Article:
“Unable to Save Tiny Little Life.” Minneapolis Daily Times, June 5th 1905: 3. This is about a baby who died at Wonderland in June 1905. It describes exactly what the criteria are for saving premature infants and what the statistics are.
Tharp, Fern. Personal Interview. 2-25-01. Fern Tharp is my next door neighbor. Her story is a good example of my thesis, so I thought it would be interesting to include it. I learned something from this about how people’s views of the premature infant were changing around the turn of the century.
Adams, Judith. The American Amusement Park Industry. Boston: Twayne Publishers, 1991. This book is about the amusement park industry, and approached the hospitals from that perspective. It was useful in helping me see how they fit into the amusement park industry.
Baker, Jeffrey P. The Machine in the Nursery: Incubator Technology and the Origins of Newborn Intensive Care. Baltimore: John’s Hopkins University Press, 1996. This book had a chapter devoted to the incubator hospitals. It took a very negative view of the hospitals, which it gave me a different perspective of the topic.
Cone, Thomas E. History of the Care and Feeding of the Premature Infant. Boston: Little, Brown and Company, 1985. This is a very detailed history of the history of premature infant care. It was useful because it had detailed information about Alexandre Lion and the Lion incubator.
Colon, A.R, and P.A. Colon. Nurturing Children. Greenwood Press: Westport, 1999. This book used some interesting sources that I was able to track down to get more information for my project.
“The Greatest of Its Time,” Longfellow Messenger, June 1984: 1 and 4. This was a very useful article about Wonderland. It features a personal interview with a woman, Margaret Cosner, whose sister was in the incubator hospital at Wonderland in 1907.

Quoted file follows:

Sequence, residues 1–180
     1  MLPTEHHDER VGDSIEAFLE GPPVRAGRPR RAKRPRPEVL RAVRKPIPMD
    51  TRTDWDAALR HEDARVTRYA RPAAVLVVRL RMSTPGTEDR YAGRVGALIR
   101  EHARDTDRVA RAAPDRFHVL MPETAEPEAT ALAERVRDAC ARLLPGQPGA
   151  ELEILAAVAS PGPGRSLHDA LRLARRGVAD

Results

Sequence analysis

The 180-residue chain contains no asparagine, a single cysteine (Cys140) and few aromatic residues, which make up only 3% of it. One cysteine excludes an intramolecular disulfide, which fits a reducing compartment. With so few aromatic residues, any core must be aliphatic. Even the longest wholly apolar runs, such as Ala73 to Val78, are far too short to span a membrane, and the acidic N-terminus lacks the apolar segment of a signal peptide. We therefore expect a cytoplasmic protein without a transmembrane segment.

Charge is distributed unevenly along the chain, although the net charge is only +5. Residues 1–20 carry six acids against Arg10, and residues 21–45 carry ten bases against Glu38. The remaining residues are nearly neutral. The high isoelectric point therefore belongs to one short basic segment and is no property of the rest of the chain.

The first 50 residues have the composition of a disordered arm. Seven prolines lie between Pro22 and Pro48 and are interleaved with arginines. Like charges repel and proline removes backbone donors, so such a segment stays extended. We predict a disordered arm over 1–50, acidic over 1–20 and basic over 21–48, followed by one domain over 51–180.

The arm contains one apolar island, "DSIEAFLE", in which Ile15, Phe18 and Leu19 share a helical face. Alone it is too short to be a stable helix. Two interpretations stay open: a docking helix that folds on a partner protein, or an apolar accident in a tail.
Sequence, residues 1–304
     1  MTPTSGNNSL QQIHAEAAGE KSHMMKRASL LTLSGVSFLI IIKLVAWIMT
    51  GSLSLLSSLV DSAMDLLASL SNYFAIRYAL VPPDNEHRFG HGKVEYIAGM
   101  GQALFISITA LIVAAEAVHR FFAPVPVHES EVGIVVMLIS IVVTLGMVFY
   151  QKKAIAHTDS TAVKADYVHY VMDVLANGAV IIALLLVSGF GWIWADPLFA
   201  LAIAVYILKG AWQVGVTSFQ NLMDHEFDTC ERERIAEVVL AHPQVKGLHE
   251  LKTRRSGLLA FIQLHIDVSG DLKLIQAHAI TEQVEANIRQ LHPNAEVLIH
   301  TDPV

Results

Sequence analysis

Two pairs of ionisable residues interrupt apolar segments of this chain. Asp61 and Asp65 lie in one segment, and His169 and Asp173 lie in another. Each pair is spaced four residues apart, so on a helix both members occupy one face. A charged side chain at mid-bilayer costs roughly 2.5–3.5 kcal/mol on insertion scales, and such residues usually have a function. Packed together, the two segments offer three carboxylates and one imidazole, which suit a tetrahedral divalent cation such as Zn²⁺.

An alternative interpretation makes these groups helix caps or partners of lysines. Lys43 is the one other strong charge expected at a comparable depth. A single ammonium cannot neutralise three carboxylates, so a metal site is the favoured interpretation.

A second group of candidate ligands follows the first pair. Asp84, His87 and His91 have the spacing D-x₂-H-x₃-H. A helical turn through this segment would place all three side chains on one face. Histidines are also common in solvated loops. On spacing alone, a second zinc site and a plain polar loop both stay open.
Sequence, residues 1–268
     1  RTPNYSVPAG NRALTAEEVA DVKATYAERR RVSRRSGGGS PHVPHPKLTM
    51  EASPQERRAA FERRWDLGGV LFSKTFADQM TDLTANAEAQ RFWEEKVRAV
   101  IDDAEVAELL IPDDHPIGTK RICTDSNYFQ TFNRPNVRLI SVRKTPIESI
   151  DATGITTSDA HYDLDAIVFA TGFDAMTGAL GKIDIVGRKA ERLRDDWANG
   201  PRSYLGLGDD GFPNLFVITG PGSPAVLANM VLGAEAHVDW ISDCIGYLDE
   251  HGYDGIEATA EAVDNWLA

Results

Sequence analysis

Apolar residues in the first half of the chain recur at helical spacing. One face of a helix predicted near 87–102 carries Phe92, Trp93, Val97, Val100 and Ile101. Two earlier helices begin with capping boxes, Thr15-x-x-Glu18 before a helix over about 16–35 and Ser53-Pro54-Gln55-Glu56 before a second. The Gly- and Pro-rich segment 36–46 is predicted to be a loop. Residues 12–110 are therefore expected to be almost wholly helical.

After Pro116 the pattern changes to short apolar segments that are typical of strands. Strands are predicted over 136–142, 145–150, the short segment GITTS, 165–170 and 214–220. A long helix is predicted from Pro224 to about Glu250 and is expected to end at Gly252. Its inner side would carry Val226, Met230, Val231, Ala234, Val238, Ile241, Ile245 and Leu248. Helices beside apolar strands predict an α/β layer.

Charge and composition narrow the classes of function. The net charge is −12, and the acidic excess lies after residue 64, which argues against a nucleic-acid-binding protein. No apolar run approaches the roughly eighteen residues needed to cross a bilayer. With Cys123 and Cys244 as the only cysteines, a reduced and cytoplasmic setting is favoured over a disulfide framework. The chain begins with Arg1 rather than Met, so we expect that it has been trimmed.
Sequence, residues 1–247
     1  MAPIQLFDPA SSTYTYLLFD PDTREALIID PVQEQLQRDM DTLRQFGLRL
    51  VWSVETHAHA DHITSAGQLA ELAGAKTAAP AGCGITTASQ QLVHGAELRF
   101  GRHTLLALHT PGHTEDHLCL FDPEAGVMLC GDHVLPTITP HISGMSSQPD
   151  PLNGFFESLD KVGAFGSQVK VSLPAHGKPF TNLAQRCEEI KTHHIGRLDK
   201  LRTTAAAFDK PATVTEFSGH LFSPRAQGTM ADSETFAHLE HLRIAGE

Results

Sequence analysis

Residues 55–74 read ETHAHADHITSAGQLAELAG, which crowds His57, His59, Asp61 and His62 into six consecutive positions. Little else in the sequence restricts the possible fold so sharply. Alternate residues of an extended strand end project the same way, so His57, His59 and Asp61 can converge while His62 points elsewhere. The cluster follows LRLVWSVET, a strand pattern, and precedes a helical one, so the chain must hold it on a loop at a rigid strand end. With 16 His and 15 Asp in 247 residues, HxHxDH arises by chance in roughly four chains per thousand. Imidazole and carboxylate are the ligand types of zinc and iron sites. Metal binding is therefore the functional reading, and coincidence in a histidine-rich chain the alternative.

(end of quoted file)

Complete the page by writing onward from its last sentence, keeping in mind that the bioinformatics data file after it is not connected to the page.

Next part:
Kyriazi, Gary. The Great American Amusement Parks. Citadel Press: Secaucus, 1976. This is another source on Coney Island. It had a lot of information on the Coney Island Incubator hospital.
McCullough, Edo. Good Old Coney Island. New York: Scribner’s Sons, 1957. This was a very useful source. It has a lot of information on the incubator hospitals at Coney Island and offers a very positive view of them.
McNamara, Brooks. Step Right Up. Jackson: University Press of Mississippi, 1975. This book is about the history of American amusement parks. It was not a useful source, because it didn’t mention the incubator hospitals.
Minneapolis Past. Videocassette. Produced by Bill Hanley. KTCA, 1993. 57 minutes. This is a video about the lost architecture of Minneapolis, which was helpful in my preliminary research. It featured a short segment on Wonderland, which mentioned the incubator hospital briefly.
Silverman, William, MD. “Incubator-Baby Shows.” Pediatrics, August 1979: 127+. This is a very interesting article, and is one of the most comprehensive sources on the incubator hospitals.
“Wonderland Amusement Park Was the Greatest of its Time,” Southside Pride, Aug. 1995: 12. This article, from a neighborhood newsletter, is a retrospective on Wonderland. It also has valuable information about the amusement park itself.
“Wonderland Didn’t Last Long,” Longfellow Messenger, September 1984: 4. This article had useful information about Wonderland. It describes the park, and explains the circumstances around its closing.